Scientific Name: Asparagus officinalis
Biological Background: Asparagus is a vegetable with succulent shoots and scale-like leaves, belonging to the lily of the valley family. It was known to the ancient civilization of Egypt and Rome.
Nutritional Information: Four medium-sized spears (cooked, 60 g) contain 315 calories, 1.6 g protein, 2.6 g carbohydrate, 1.1 g fiber, 0.4 mg iron, 186 mg potassium, 50 RE vitamin A, 0.63 mg niacin, 16 mg vitamin C, and small amount of other vitamins.
Pharmacological Activity: Asparagus is an excellent source of glutathione and a good source of flavonoids, saponins, folate, vitamin C, and dietary fiber. Those food components in asparagus provide great power to fight various cancers and heart diseases. Asparagus is also known for its antifungal, diuretic, and antiviral activity. In addition, the low calorie content of asparagus makes it a good food for weight control.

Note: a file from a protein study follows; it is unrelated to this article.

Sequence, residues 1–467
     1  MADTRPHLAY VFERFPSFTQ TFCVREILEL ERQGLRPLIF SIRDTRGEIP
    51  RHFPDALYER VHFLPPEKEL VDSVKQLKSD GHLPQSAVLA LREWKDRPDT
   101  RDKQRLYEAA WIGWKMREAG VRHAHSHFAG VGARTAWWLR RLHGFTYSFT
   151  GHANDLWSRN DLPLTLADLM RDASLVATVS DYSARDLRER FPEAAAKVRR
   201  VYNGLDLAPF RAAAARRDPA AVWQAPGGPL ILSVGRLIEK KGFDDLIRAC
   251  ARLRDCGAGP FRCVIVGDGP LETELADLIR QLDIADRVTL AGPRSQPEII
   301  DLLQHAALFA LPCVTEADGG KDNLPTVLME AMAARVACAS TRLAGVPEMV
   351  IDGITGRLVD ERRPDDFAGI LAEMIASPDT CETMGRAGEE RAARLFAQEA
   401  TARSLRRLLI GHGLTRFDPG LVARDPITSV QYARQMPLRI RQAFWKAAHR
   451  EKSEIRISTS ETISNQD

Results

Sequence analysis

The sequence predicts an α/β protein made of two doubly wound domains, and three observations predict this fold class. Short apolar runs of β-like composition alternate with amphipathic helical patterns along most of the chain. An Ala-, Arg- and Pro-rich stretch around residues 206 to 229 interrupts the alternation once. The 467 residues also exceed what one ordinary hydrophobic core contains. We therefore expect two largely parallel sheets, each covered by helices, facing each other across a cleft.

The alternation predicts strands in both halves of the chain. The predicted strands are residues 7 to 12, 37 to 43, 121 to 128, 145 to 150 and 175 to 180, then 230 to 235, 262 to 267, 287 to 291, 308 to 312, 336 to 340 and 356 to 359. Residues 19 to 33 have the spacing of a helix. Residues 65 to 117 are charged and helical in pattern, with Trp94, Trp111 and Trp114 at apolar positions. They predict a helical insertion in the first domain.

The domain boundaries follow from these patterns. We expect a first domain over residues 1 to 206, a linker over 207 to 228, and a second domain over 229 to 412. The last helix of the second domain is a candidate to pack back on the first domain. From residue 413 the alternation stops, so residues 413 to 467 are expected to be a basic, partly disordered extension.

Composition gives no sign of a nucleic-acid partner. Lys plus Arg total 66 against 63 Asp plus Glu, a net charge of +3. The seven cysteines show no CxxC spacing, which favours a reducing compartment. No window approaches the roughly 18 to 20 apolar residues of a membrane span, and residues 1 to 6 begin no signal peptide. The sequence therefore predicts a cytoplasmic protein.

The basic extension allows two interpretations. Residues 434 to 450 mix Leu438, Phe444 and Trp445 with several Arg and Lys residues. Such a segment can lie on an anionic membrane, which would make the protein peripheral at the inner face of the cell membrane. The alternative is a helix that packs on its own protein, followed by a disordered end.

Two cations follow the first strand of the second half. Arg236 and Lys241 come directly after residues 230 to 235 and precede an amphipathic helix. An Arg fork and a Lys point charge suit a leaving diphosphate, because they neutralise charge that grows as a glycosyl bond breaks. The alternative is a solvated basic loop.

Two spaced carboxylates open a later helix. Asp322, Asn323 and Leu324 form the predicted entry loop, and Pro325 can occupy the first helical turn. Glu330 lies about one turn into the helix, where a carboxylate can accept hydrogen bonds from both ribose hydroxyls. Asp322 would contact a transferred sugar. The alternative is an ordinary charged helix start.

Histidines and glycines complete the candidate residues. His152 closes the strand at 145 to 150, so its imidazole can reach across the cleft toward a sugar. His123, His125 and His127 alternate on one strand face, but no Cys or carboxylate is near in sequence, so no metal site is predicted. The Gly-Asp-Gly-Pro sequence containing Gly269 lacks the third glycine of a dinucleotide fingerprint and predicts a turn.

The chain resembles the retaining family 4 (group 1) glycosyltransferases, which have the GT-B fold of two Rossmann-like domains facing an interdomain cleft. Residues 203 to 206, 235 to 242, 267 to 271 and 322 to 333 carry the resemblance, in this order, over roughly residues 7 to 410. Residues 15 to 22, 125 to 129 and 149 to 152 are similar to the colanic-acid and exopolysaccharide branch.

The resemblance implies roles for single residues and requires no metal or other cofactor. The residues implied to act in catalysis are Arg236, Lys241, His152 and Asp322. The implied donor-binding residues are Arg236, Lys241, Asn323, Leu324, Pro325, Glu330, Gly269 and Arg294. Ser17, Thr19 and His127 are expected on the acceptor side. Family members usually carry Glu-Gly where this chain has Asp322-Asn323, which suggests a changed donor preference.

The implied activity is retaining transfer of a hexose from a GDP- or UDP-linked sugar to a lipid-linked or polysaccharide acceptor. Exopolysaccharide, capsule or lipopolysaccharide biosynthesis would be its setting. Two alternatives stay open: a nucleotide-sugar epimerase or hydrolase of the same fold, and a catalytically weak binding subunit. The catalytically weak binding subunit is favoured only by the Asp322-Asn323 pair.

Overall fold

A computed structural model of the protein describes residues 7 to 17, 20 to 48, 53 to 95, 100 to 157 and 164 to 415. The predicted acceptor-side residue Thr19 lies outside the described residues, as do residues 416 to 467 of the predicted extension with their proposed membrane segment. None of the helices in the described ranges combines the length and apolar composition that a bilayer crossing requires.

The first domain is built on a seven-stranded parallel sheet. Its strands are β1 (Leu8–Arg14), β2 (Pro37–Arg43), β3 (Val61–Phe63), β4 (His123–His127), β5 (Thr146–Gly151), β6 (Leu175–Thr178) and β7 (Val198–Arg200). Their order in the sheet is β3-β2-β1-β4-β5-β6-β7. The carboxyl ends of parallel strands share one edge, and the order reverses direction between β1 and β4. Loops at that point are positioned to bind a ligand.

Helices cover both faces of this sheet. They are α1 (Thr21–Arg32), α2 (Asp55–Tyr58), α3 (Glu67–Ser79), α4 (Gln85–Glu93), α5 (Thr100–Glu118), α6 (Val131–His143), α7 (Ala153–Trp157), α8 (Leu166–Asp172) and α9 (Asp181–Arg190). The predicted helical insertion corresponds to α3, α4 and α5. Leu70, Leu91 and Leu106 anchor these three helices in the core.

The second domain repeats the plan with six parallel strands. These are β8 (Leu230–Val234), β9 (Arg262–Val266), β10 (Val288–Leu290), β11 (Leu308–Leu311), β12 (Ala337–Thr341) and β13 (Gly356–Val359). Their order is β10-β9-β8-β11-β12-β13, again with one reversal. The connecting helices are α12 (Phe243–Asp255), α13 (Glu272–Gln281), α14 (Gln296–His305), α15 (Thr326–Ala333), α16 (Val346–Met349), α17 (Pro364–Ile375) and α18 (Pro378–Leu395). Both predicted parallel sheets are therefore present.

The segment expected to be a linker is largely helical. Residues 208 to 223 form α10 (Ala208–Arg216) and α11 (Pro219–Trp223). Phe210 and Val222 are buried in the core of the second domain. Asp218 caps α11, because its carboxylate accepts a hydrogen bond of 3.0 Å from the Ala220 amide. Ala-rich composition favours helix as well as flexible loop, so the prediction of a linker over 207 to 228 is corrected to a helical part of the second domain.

Eating Tips: Asparagus deteriorates and loses its vitamin C quickly under room temperature. Heavy cooking may reduce asparagus disease-fighting power by destroying some of its healing components. To get the most health benefits from asparagus, eat it fresh or lightly cooked.